The Arbor Company Senior Living Blog

How Old Do You Have to Be for Senior Living?

Aug 7, 2017 11:00:00 AM / Mary Jacobs Mary Jacobs

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If you are talking about senior living options for yourself or an aging loved one, you may be wondering just how old do you have to be for senior living? After all, the term “old” means many different things to many different people, and the Boomers are showing younger generations that age is, indeed, only a number. You may be surprised to note that senior communities offer a lifestyle suitable for a wide variety of ages, from the mid-fifties and beyond.

Active Fifties

Independent living senior communities cater to adults who are searching for a lifestyle that is centered around new learning, new opportunities, new friendships, and less home maintenance or hassle. For most independent living communities, seniors as young as 55 can take advantage of living in a vibrant independent living community. There is no upper age limit, meaning that as long as you maintain an independent lifestyle, you can live in an independent living community for a long time.

Independent living communities are certainly not what most seniors think of when they recall their mother’s or father’s retirement home. In the hopes of meeting the high expectations of Boomers, most independent living communities feature amenities that range from free WiFi and on-campus college lectures to an indoor swimming pool and overnight trips. Residents can enjoy a variety of events and activities, as well as daily dining experiences that feature chef-created cuisine. Adults of all ages, including the mid-fifties set, will love what independent living has to offer.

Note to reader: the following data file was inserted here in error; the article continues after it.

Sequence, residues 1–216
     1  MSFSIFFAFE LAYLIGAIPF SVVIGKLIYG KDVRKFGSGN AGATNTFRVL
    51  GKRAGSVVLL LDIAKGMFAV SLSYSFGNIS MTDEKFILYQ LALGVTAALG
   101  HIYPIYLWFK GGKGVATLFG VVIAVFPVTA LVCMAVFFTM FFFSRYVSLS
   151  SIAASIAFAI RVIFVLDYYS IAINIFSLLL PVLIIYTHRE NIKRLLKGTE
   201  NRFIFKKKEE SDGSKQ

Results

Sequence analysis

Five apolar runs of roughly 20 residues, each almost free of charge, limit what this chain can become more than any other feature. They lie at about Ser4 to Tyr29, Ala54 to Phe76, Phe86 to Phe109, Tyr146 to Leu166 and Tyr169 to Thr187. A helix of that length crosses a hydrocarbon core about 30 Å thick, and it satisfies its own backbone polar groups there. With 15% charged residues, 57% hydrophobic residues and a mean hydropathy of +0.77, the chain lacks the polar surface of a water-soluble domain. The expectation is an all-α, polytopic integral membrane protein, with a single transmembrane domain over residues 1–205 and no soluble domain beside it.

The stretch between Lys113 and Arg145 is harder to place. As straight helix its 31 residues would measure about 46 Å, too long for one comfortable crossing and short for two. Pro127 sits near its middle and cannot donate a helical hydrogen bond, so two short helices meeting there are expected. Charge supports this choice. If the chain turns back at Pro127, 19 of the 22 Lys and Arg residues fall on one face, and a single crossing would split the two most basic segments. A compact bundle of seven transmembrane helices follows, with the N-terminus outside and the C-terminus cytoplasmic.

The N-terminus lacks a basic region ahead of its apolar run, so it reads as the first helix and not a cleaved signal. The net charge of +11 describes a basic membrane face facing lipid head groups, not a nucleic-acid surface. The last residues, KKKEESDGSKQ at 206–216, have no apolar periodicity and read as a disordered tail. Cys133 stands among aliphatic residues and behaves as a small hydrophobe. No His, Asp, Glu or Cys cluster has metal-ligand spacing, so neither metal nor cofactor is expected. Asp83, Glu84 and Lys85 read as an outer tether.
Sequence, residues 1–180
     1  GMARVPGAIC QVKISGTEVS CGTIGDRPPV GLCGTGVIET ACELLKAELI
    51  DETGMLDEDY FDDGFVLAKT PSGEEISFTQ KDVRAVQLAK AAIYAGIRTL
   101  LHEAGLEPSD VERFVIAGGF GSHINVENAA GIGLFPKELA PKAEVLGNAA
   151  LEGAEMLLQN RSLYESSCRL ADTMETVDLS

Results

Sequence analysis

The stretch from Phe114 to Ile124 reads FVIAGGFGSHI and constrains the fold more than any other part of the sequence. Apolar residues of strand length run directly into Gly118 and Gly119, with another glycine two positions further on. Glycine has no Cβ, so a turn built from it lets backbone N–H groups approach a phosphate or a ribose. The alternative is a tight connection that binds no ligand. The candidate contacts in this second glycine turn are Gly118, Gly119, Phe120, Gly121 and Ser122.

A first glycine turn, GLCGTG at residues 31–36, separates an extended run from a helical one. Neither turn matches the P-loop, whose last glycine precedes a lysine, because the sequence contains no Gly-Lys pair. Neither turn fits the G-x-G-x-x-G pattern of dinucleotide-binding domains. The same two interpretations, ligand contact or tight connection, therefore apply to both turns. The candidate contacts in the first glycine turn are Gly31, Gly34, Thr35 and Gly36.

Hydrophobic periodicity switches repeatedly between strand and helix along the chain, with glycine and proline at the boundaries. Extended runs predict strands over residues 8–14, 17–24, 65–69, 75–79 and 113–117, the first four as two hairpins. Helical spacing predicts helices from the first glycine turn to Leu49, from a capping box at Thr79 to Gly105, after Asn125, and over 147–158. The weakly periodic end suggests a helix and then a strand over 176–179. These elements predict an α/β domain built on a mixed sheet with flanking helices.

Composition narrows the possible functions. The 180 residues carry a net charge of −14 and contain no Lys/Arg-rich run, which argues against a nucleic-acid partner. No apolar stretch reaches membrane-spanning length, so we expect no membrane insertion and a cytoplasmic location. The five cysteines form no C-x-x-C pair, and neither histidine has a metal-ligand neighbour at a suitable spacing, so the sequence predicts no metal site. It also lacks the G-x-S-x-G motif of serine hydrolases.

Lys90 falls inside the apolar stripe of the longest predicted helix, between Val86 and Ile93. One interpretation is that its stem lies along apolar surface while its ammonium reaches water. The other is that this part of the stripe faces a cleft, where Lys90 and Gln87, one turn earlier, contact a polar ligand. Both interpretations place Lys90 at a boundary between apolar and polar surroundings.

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Aging in Place

As you or your loved one continues to grow older, complex or chronic medical conditions may begin to add up. Fortunately, most senior living communities are equipped to assist with tasks such as medication management, personal care tasks, or other services. Having services that can meet your needs as you grow older is called “aging in place.”

Aging in place in senior living communities is easier than at a more traditional home. The services and caregivers are already nearby or on site, and staff members already know your preferences. Some senior living communities also feature varying levels of care on their campuses, meaning that you can receive care, such as assisted living or even memory care, on the same campus.

Best of Both Worlds

The option of having additional care in your senior living community can mean more than just peace of mind as you grow older or acquire more complex needs. If you or your loved one is a part of a couple who has varying needs, living in a senior community that can provide safety and care to both members of the couple can mean that the couple can live together for longer. For example, if a husband is well suited for independent living but the wife requires more assistance, some senior communities can serve both the husband and wife while they live together in the same apartment.

If you are in your mid-fifties and are ready to give up some of the maintenance hassles of your large home, senior living could offer you just the lifestyle you are seeking. Likewise, if you are in your mid-seventies and looking for a vibrant community, you can find many options in the senior living market.

Senior living communities are offering services that are geared to a variety of ages and abilities; you may end up pleasantly surprised if you just consider taking a tour of a community near you. You may be surprised to know that senior living doesn’t cater to just those over the age of 80. In fact, most communities offer a lifestyle that any older adult would love, including those who don’t consider themselves “old” at all.

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Topics: Senior living, Lifestyle

Mary Jacobs

Mary Jacobs

Freelance writer Mary Jacobs lives in Plano, Texas, and covers health and fitness, spirituality, and issues relating to older adults. She writes regularly for The Dallas Morning News, The Senior Voice, Religion News Service, and other publications; her work has been honored by the Religion Communicators Council, the Associated Church Press, and the American Association of Orthopaedic Surgeons. Mary’s work is online at www.MaryJacobs.com.

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